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North Carolina’s Body Camera Footage Laws

North Carolina’s Disclosure of Body Cam Footage Laws

Transparency in law enforcement is at the forefront of public policy issues now more than ever.  Disclosing body cam footage worn by law enforcement is at the center of it all.  Does the government’s need to closely guard the use of force and the conduct of its officers during active investigations offset the public’s right to hold law enforcement accountable for their actions?  How can the public hold law enforcement accountable for excessive force, abuse of power, or misconduct when the public cannot have access to information?

In recent years questions of police brutality and misconduct have dominated the headlines, and much of it was captured on body cam footage worn by law enforcement officers. Merely mentioning places like Ferguson, MO; Chicago, IL; Cleveland, OH; Baltimore, MD; North Charleston, SC; and Baton Rouge, LA summons tragic images of police encounters which have led to the deaths of those who were the subject of the stories and video footage.

Last year in Baltimore, MD, three cases of police misconduct were captured on body cam footage. In one instance, police officers were caught planting fake evidence at a crime scene.  After the footage was reviewed by the public defender, the charges were dropped, and the suspect was released from jail, but not before being locked-up for several months.  In another instance, body cam footage caught other officers planting evidence during a traffic stop. “Prosecutors have dropped at least 40 criminal cases following the release of the two sets of footage (NPR).  More than 50 other cases are being reviewed, the state’s attorney’s office in Baltimore told CNN.  The public defender’s office told NPR hundreds of other cases were “at risk of being tossed out” (pbs.org).

More and more law enforcement agencies have mandated the use of body cams, but there is no uniform law regarding the public’s right to access body cam footage.  The laws regarding public access to government records differ from state to state, and each state’s standard for releasing body cam footage varies.  The federal government has its own laws regarding the release of information under the control of the federal government and can be found under the Freedom of Information Act (FOIA), 5 U.S.C. § 552.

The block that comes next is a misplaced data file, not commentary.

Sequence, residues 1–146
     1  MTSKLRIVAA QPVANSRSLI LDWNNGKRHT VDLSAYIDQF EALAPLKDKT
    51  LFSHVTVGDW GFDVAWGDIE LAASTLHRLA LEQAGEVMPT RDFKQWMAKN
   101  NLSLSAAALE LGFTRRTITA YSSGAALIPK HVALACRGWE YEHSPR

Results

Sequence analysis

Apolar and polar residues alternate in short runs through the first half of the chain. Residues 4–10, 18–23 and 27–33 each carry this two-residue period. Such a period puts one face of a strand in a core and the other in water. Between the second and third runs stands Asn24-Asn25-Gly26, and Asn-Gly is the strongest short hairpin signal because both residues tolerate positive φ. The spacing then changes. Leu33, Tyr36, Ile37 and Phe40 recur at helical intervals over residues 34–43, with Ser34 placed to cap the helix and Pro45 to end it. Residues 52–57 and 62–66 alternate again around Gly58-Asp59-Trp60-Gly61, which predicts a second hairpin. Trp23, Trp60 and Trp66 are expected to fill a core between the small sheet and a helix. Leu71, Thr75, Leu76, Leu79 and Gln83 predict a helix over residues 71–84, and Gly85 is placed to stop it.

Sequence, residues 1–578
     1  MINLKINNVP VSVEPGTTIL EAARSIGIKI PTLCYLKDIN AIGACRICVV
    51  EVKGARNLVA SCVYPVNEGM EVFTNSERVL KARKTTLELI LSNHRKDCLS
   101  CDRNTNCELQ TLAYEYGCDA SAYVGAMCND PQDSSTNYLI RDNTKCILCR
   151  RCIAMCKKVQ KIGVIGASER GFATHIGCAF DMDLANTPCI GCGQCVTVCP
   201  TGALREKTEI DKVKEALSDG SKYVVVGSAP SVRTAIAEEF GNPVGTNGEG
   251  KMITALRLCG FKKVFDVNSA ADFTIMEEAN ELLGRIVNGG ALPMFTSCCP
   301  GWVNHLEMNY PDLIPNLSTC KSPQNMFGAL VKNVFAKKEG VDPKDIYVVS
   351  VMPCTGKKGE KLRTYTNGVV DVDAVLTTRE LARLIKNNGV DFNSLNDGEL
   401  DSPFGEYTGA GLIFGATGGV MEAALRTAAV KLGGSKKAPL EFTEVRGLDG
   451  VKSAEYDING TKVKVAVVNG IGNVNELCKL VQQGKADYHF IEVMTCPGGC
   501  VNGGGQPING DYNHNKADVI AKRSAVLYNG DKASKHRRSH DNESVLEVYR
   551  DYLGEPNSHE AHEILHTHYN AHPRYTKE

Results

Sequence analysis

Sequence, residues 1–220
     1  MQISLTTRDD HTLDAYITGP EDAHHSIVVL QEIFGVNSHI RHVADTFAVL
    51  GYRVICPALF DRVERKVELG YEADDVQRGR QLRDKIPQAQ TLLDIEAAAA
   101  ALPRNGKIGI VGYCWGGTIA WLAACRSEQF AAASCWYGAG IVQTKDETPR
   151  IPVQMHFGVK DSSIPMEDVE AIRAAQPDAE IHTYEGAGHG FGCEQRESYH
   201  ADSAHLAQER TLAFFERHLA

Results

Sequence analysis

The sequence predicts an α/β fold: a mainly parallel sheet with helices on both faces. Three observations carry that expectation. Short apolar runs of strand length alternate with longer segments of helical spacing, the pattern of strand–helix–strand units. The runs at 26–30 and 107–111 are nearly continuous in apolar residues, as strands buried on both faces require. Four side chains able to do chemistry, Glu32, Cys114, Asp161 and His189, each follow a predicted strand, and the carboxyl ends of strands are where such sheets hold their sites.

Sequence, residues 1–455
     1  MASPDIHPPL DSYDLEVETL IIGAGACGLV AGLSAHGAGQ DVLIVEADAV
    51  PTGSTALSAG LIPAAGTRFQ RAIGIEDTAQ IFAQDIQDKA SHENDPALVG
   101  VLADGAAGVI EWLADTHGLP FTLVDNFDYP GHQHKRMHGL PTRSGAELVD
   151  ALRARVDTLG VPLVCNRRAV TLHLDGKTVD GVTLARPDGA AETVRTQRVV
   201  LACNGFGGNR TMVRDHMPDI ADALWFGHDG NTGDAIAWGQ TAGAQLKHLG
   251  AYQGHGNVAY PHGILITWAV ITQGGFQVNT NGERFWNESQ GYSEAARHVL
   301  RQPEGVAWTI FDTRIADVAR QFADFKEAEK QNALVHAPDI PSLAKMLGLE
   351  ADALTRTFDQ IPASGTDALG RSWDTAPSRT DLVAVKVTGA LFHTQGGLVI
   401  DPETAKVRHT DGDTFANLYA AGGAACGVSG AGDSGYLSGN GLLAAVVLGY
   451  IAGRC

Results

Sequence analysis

The Skinny:  From HB 972 to N.C.G.S. 132-1.4A

HB 972 proposed in part:

AN ACT TO PROVIDE THAT RECORDINGS MADE BY LAW ENFORCEMENT AGENCIES ARE NOT PUBLIC RECORDS, TO ESTABLISH WHETHER, TO WHOM, AND WHAT PORTIONS OF A RECORDING MAY BE DISCLOSED OR A COPY RELEASED, TO ESTABLISH THE PROCEDURE FOR CONTESTING A REFUSAL TO DISCLOSE A RECORDING OR TO OBTAIN A COPY OF A RECORDING, TO DIRECT STATE OR LOCAL LAW ENFORCEMENT AGENCIES TO PROVIDE, UPON REQUEST, ACCESS TO A METHOD TO VIEW AND ANALYZE RECORDINGS TO THE STATE BUREAU OF INVESTIGATION AND THE North Carolina STATE CRIME LABORATORY…

House Bill 972 became North Carolina’s new law addressing the public disclosure of recordings made by law enforcement as of October 1, 2016.

What Constitutes a Recording Under North Carolina Law?

A recording is defined as “a visual, audio, or visual and audio recording captured by a body-worn camera, a dashboard camera, or any other video or audio recording device operated by or on behalf of a law enforcement agency or law enforcement agency personnel when carrying out law enforcement responsibilities. This term does not include any video or audio recordings of interviews regarding agency internal investigations or interviews or interrogations of suspects or witnesses.” N.C.G.S. 132-1.4A (6).